Photo Credit: Jewish Press

In Israel, mention Rishon (as in proper name, capital R – though there’s no such thing as capital resh) and you’re most likely referring to one of two things: Sunday, the first day of the week, or Rishon LeZion, the first Zionist settlement in Israel, founded by Eastern European pioneers in 1882. The city, Israel’s fourth largest, is known as Rishon for short; its name derives from a pasuk in Yeshayahu prophesying our return to Zion. Being first is usually considered a good thing – first come, first served and all that. Then again, there’s also the saying “Acharon acharon chaviv,” the Hebrew version of “last but not least.” Interestingly, there was apparently an Israeli radio show with the clever name Rishon Rishon Chaviv which ran from 1957-74. It featured a hit parade of chart-topping popular music. While referring to something as first usually connotes the existence of a second (and perhaps a third and so on), there is one exception: As we say in Adon olam, “V’Hu rishon v’ayn shaini” – Hashem is first; there is no second.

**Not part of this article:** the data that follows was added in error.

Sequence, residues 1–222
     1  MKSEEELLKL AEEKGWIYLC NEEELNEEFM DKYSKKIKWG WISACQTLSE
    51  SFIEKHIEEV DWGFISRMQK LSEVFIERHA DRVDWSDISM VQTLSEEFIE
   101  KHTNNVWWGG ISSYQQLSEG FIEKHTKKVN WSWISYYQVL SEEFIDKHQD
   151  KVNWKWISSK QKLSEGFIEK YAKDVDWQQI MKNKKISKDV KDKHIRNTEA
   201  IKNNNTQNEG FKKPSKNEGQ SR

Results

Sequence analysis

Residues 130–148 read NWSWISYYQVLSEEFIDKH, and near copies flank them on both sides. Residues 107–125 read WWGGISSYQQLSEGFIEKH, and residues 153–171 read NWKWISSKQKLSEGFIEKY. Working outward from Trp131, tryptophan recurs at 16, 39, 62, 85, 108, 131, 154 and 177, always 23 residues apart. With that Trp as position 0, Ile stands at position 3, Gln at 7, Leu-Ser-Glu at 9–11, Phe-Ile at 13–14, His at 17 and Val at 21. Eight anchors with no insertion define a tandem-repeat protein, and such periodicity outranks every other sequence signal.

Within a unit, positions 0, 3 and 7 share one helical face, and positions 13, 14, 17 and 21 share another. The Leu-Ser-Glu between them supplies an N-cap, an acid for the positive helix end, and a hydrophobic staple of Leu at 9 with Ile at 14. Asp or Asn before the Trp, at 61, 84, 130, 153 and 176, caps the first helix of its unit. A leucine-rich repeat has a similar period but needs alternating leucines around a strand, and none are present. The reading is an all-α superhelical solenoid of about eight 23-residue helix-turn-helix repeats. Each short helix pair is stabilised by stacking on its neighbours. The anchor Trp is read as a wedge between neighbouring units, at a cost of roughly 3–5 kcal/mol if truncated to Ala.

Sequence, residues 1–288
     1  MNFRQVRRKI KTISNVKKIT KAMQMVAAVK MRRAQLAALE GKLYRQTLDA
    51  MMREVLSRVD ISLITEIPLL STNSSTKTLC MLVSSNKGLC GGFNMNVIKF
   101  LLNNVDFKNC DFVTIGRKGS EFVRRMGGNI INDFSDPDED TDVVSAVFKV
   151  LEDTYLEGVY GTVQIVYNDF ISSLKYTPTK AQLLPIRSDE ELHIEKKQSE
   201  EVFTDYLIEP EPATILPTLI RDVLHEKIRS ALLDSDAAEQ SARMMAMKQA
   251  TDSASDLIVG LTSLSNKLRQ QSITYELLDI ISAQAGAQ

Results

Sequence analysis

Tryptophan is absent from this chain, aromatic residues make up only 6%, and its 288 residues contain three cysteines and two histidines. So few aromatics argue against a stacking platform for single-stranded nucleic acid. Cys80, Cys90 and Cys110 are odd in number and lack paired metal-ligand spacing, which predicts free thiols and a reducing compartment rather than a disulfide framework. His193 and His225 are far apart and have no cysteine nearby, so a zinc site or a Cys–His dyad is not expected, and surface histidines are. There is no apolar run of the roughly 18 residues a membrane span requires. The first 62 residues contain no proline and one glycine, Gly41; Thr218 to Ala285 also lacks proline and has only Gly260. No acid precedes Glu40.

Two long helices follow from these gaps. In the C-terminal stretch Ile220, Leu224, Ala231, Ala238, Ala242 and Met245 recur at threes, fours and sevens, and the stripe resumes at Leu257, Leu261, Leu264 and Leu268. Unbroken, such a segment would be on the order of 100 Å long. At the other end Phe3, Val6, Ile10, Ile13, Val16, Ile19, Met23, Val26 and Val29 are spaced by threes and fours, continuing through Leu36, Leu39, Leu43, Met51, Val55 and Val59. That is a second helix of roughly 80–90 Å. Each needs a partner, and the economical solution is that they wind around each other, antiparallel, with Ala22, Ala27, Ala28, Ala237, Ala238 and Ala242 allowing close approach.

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Ziona Greenwald, a contributing editor to The Jewish Press, is a freelance writer and editor and the author of two children's books, “Kalman's Big Questions” and “Tzippi Inside/Out.” She lives with her family in Jerusalem.